How would you use these data to calculate the geologic age indicated by the isotopes in each sample?
You can use principles of relative geologic age to determine sequences of geologic events, including rock formations, intervals of erosion, tilting, folding, and faulting like those represented in the block diagrams and cross-sections below.
For more information on these systems, see the isotopes and half-lives section of the Geologic Time Basics page.
There is a definite mathematical relationship between the ratio of the amount of daughter product isotope to the amount of radioactive parent isotope, and the number of half-lives that have elapsed.
Underlying assumptions are 1) that Faunal Succession is based on the observation that animals and animal communities that are preserved in sedimentary rocks change noticeably as geologic time passes (evolution).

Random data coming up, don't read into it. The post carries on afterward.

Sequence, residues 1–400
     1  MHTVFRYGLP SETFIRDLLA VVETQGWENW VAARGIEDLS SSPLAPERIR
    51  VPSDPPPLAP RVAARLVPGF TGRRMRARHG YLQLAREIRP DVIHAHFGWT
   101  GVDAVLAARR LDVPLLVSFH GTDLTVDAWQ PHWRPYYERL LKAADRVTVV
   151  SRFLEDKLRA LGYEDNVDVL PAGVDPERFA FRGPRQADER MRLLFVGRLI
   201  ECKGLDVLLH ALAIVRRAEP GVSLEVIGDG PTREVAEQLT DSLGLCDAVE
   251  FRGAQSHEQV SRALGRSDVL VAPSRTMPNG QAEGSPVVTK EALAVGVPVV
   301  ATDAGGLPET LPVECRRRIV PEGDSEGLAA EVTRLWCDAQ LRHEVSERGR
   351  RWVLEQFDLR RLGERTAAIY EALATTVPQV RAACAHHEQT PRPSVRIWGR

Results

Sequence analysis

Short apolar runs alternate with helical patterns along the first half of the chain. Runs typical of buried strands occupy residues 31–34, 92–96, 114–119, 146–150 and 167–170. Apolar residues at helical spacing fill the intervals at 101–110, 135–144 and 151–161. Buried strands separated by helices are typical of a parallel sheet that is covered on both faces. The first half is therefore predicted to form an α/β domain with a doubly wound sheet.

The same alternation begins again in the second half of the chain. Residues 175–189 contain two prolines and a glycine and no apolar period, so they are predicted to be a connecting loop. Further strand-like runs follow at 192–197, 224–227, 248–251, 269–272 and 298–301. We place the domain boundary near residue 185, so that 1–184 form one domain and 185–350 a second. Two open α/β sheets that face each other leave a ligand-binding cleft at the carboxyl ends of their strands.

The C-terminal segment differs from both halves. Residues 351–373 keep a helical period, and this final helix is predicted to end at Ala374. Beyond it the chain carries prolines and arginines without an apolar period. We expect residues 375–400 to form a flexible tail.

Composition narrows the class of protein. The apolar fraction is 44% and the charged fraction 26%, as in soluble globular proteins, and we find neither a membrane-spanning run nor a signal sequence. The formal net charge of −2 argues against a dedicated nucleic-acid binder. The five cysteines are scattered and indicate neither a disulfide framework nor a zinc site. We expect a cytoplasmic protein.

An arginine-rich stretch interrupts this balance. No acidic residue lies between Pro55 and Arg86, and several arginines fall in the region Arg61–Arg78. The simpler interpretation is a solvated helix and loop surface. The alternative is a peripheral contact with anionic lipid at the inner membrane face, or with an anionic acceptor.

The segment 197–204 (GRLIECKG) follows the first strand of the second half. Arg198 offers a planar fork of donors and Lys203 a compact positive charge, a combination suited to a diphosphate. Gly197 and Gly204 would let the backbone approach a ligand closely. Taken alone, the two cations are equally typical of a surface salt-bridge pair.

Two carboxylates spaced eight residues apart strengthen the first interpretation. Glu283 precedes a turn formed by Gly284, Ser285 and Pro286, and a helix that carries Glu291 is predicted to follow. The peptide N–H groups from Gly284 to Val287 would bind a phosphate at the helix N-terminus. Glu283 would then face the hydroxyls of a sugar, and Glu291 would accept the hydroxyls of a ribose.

It was first recognized by William Smith, a British Surveyor, who while working on open cuts of canals, railroads, and roads, noticed that the fossils change systematically from the older towards the younger rocks.
Similarly, the percentage of parent isotope percentage and daughter isotope percentage add up to 100 at all times.
The table below tracks the decay, half-life by half-life, of a radioactive isotope, and the accumulation of the daughter product isotope that the parent changes into once it decays. There are several different radioactive isotope systems that are used for measuring ages of geologic materials.
Be sure to review the principles of relative geologic age on the Geologic Time Basics page .
You can click on each of the images in Part 2 for a larger version in a separate browser window.
Superposition of rock units is a very simple and straightforward method of relative age determination.